Food poisoning outbreak linked oysters: 200 people struck down

Bad oyster alert: Food poisoning outbreak linked to raw seafood sees more than 200 people struck down across at least eight states

  • More than 200 Americans across eights states have contracted norovirus
  • The food-borne illness originated from oysters harvested in Texas last month
  • No hospitalizations or deaths have been recorded as part of this outbreak 

More than 200 Americans in eight states have contracted norovirus after eating contaminated raw oysters.

The Centers for Disease Control and Prevention (CDC) put out a notice Thursday warning that the shellfish harvested in Galveston Bay, Texas, are contaminated.

These oysters were sold in Alabama, Florida, Georgia, Louisiana, Mississippi, North Carolina, Tennessee and Texas. 

The oysters have been recalled. The CDC says that any oysters in packaging that says they were harvested in area TX1 from November 17 to December 7 should be discarded.

No hospitalizations or deaths have been recorded as part of this outbreak. Norovirus is the most common food-borne illnesses in the US and is responsible for 900 annual deaths.

The warning comes after oysters harvested from South Korea were linked to sapovirus cases in the US last month.

Contaminated oysters linked to a 200-case norovirus outbreak were sold in eight US states, officials report

‘The FDA is issuing this alert advising consumers to not eat, and restaurants and food retailers to not sell, oysters harvested [during the time period],’ the Food and Drug Administration (FDA) wrote in a release. 

Norovirus is highly contagious and can cause severe gastrointestinal side-effects in infected people. These include: nausea, vomiting and diarrhea.

A person will often experience these symptoms within 48 hours of infection. For a majority of people, these symptoms will naturally resolve within a few days.

It can be a danger to young children, the elderly and people who are immunocompromised, though.

The CDC estimates 20million annual norovirus infections in the US, though it is near impossible to properly track this number because many sick people will weather symptoms at home without seeking medical attention.

Norovirus is responsible for 465,000 emergency room visits each year, 109,000 hospitalizations and nearly 1,000 deaths.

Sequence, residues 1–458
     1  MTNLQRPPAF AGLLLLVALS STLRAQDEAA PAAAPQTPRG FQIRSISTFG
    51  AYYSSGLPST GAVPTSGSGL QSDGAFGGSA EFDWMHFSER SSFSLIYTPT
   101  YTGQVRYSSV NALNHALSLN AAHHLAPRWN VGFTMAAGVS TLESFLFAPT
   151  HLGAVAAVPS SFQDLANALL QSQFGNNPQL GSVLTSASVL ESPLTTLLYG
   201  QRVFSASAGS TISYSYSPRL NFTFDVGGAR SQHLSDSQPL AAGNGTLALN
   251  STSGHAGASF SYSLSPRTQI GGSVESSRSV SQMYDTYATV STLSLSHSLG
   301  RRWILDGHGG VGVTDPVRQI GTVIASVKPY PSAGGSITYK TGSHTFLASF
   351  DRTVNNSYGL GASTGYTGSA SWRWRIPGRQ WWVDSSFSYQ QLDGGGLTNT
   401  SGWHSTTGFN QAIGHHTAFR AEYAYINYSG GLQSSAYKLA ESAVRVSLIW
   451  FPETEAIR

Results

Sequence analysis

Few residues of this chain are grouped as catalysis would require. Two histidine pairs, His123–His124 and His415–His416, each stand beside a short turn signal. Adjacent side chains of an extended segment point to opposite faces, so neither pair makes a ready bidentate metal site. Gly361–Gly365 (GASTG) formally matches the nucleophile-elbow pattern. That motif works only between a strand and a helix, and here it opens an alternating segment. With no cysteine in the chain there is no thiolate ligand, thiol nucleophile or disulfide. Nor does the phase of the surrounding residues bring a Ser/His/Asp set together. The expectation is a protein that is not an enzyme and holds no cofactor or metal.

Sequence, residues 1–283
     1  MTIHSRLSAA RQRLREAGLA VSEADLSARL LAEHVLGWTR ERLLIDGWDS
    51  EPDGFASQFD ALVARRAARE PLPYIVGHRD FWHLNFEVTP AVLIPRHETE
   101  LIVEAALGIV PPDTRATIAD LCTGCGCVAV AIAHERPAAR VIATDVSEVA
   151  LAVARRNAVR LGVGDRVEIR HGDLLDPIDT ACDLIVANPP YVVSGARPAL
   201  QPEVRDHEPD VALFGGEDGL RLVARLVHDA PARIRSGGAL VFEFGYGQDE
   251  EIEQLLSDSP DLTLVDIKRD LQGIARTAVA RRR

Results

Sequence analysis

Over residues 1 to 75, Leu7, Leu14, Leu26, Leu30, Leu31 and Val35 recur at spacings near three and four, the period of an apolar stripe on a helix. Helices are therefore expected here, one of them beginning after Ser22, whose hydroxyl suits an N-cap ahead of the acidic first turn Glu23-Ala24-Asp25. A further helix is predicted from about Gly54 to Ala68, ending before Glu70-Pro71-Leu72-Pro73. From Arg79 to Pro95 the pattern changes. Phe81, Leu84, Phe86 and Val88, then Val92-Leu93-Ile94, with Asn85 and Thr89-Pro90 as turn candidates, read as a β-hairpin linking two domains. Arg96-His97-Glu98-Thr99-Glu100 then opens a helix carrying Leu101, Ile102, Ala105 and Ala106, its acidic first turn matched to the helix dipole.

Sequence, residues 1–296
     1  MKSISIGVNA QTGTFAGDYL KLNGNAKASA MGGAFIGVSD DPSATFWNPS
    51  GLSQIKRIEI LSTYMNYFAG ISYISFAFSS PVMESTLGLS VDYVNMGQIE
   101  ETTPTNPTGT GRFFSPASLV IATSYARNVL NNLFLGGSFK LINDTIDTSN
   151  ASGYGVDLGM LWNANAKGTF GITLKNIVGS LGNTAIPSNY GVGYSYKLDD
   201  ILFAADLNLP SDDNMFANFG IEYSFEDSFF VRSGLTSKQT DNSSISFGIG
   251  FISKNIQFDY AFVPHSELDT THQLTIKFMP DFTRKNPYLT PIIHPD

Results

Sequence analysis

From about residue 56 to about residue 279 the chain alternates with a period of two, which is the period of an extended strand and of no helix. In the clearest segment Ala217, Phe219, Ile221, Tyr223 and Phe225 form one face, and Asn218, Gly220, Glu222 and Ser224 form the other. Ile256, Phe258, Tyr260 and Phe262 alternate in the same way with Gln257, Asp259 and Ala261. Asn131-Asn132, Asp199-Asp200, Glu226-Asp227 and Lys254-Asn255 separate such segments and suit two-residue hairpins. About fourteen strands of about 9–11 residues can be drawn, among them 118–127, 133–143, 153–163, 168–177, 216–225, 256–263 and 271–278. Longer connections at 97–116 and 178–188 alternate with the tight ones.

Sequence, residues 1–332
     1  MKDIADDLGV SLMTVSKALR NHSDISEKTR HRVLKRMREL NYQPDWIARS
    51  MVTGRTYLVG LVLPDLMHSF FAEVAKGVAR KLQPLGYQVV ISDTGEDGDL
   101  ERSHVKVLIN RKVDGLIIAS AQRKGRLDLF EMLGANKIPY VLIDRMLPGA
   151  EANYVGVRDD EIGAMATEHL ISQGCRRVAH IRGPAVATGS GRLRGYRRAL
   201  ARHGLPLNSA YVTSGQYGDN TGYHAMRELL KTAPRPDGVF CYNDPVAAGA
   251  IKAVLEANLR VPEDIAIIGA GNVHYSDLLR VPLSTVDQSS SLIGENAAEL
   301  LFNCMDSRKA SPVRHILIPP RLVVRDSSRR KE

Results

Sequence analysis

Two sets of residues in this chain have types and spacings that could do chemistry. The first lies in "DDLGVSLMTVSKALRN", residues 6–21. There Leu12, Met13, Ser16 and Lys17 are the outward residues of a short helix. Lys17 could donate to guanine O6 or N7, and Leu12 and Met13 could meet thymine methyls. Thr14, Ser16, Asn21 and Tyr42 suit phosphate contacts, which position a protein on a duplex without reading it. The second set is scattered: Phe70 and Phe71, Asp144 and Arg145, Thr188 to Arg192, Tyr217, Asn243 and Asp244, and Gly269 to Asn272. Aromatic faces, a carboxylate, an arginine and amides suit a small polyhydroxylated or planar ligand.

Officials warn that almost all of those cases are among people who are at an increased risk from the virus. 

Norovirus is also more popular in winter than in other months, with the CDC reporting that annual cases will usually peak in January.

This is not because the food-borne illness thrives in cold weather, but more so because the amount of time people spend indoors during the season allows it to rapidly spread. 

Some have dubbed the virus ‘winter vomiting disease’ as a result.

Norovirus often lingers in raw shellfish products like oysters, mussels, clams and scallops.

The CDC recommends cooking oysters to at least 145 F before eating to eliminate the risk of infection.

Norovirus is not the only danger that could be lingering in the shellfish. 

Oysters harvested in South Korea were linked to a confirmed case of sapovirus – another food-borne illness – in Las Vegas last month

There were nine other suspected infections and the FDA advised Americans to avoid raw oysters sold in 13 states.

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Norovirus is the most common stomach infections in the US and it is referred to winter vomiting bug as it usually occurs in winter.

Usually it clears up by itself within 24 to 48 hours but it can very serious for already frail patients, and can lead to dehydration.

The virus, which can also cause diarrhea, is extremely contagious and can create huge disruption in hospitals as it spreads so quickly between patients.

But the winter vomiting bug has a tendency to mutate and some strains are worse than others, leading to higher numbers of infections.